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Looking for ideas to create a small, travel worthy acoustic bass Answered

I play bass, and only have an electric instrument so far.  We go car camping for several weeks during the summer, and I would love to be able to join others playing acoustic instruments.  Space is an issue, however, and there really is not room for a full size acoustic bass.  I have looked into "mini bass guitars" but these are pricey, and still fairly large.  I have thought about bringing my electric instrument along with a small, battery powered amp, since there is no electric hook up.  But, that is a last choice, given the setting.  I see from other discussion that converting a guitar is not ideal due to stress on neck from heavier bass strings.  I would even consider a barritone ukulele, and tuning with bass tuning.  Any suggestions? 

5 Replies

CapnTac (author)2010-06-12

Baritone Ukulele, it's tuned the same way as a bass guitar, and is relatively small.

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fuzzynurse (author)CapnTac2010-06-18

Actually, no. Baritone ukes are usually tuned the same as the highest 4 of a guitar (DGBE). Kala makes a bass ukulele (uBass) and so does RoadToad (Big Bufo), both of which are tuned the exact same as a bass guitar (EADG). Same octave too. I've tried the Kala and it's really quiet (but it is an electric/acoustic, so you could use a small amp). String length is the same as a baritone uke, but waaaay fatter strings. You could try a "garage sale" guitar modification. Replace the nut and saddle (or just make new notches in the old) and the tuners (or drill bigger holes) and put on short scale bass strings. Not sure if the tension would bend your neck (I think it would be lower, though) but if you find a $10 guitar, you don't lose much. Never done it myself, but check out dennishavlena.com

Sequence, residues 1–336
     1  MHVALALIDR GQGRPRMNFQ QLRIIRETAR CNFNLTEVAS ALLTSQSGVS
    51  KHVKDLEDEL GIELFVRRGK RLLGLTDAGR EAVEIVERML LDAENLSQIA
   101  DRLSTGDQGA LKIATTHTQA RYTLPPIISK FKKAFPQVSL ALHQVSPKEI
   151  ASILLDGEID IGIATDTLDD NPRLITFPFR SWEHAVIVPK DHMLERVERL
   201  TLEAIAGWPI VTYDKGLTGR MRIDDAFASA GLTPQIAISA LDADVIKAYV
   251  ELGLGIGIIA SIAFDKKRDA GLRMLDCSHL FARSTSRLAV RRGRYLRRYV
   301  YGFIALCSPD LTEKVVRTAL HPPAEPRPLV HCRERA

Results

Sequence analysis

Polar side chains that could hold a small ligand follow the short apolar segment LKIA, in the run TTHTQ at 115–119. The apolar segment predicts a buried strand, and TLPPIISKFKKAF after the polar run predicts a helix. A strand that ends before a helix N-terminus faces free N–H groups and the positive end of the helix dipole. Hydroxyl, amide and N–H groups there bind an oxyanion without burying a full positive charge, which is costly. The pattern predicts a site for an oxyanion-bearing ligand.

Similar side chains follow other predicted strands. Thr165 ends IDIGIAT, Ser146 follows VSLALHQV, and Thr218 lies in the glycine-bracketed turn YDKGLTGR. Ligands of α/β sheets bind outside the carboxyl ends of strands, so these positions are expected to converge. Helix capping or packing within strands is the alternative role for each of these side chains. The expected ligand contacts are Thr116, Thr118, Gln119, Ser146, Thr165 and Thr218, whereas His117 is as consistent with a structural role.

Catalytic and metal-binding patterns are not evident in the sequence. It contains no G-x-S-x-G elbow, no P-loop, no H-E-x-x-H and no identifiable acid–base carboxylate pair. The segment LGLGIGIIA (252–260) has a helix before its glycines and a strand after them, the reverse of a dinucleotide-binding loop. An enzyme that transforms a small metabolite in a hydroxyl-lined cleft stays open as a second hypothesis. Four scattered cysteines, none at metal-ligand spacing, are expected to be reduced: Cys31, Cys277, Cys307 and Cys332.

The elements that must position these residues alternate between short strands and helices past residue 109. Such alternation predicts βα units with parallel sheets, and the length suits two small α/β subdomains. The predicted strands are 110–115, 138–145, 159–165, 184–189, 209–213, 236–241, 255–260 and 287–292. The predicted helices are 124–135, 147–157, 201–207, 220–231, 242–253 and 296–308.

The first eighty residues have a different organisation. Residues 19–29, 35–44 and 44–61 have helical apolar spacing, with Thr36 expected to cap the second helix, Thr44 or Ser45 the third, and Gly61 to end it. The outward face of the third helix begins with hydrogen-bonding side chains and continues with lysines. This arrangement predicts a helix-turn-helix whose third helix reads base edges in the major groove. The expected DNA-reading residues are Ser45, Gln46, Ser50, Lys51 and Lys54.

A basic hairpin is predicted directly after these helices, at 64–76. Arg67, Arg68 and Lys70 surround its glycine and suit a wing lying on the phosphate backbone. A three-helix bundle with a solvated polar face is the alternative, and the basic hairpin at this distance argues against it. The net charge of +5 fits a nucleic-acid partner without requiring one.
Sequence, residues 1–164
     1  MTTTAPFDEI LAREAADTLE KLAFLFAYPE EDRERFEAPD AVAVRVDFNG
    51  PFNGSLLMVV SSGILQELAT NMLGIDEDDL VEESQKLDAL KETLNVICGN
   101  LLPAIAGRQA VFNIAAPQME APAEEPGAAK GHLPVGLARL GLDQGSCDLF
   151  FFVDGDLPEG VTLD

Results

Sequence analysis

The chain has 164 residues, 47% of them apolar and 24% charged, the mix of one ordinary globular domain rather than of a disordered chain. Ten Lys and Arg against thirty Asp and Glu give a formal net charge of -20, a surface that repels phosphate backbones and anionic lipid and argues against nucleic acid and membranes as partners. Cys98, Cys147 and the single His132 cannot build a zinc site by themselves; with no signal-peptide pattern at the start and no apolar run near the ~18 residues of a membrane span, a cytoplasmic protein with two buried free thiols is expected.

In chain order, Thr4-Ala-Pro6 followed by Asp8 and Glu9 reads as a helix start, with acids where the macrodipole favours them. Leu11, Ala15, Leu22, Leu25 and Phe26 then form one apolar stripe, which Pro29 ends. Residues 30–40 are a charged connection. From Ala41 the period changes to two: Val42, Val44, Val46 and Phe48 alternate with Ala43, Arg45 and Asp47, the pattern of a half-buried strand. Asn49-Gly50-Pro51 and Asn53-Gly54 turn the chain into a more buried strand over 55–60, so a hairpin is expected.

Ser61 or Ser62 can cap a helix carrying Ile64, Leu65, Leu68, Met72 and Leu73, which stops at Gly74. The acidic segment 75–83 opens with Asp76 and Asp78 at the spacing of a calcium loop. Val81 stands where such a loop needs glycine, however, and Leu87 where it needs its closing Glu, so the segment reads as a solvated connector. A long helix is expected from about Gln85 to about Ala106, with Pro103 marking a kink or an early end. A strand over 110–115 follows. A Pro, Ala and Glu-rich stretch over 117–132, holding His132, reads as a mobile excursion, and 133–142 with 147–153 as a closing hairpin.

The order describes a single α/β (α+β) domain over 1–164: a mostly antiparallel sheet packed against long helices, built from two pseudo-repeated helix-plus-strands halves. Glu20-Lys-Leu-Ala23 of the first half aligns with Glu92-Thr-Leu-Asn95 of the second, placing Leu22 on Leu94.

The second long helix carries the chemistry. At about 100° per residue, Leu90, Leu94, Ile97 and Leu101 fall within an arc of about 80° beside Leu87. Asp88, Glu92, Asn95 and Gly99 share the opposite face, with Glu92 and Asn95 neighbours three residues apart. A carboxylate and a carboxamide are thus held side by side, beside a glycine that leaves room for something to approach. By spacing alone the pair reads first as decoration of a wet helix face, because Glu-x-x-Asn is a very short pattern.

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curbowman (author)2010-06-09

I'd suggest to try a Steinberger Spirit bass (1st picture). It's headless, strong, keeps its tune forever, and it can become your main axe very easily! It's just 38.5" long and 7.5 lbs; and there's even a 5-string version!


Hohner provides a good Steinberger copy with the same hardware (2nd pic):

http://www.hohnerusa.com/index.php?325 http://www.hohnerusa.com/index.php?323

Of course, these need an amp to get some sound. If you don't want to carry a little amp, then your choice could be the Fernandes Nomad bass (last pictures):


The Fernandes Nomad has a 24" scale (compare that to the 34" of Fenders & Steinbergers) bass includes a small amplifier so all you need is to turn it on and play. Of course, it's just a small "practice bass," but it might be just what you need.

Tell us when you have decided, please. Oh, and remember to give your bass an adequate setup from a qualified technician. It's worth much more than its cost, believe me!

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gmoon (author)2010-03-18

Bass and small just don't go together ;-)

Given that, some of the cheaper pacific-rim acoustic basses aren't very large or pricey--at least when compared to an upright bass...

Mariachi basses are cool, and certainly smaller than an upright. But hardly small, of course.

Good luck!

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basslady (author)gmoon2010-03-19

yes, it is an oxymoron, and when it comes to this problem I sometimes wonder if I chose the right instrument ---- but then I hear those low tones, and I fall in love with the sound all over again.  still open to other ideas.  i know i'm not the only person with this dilemma.

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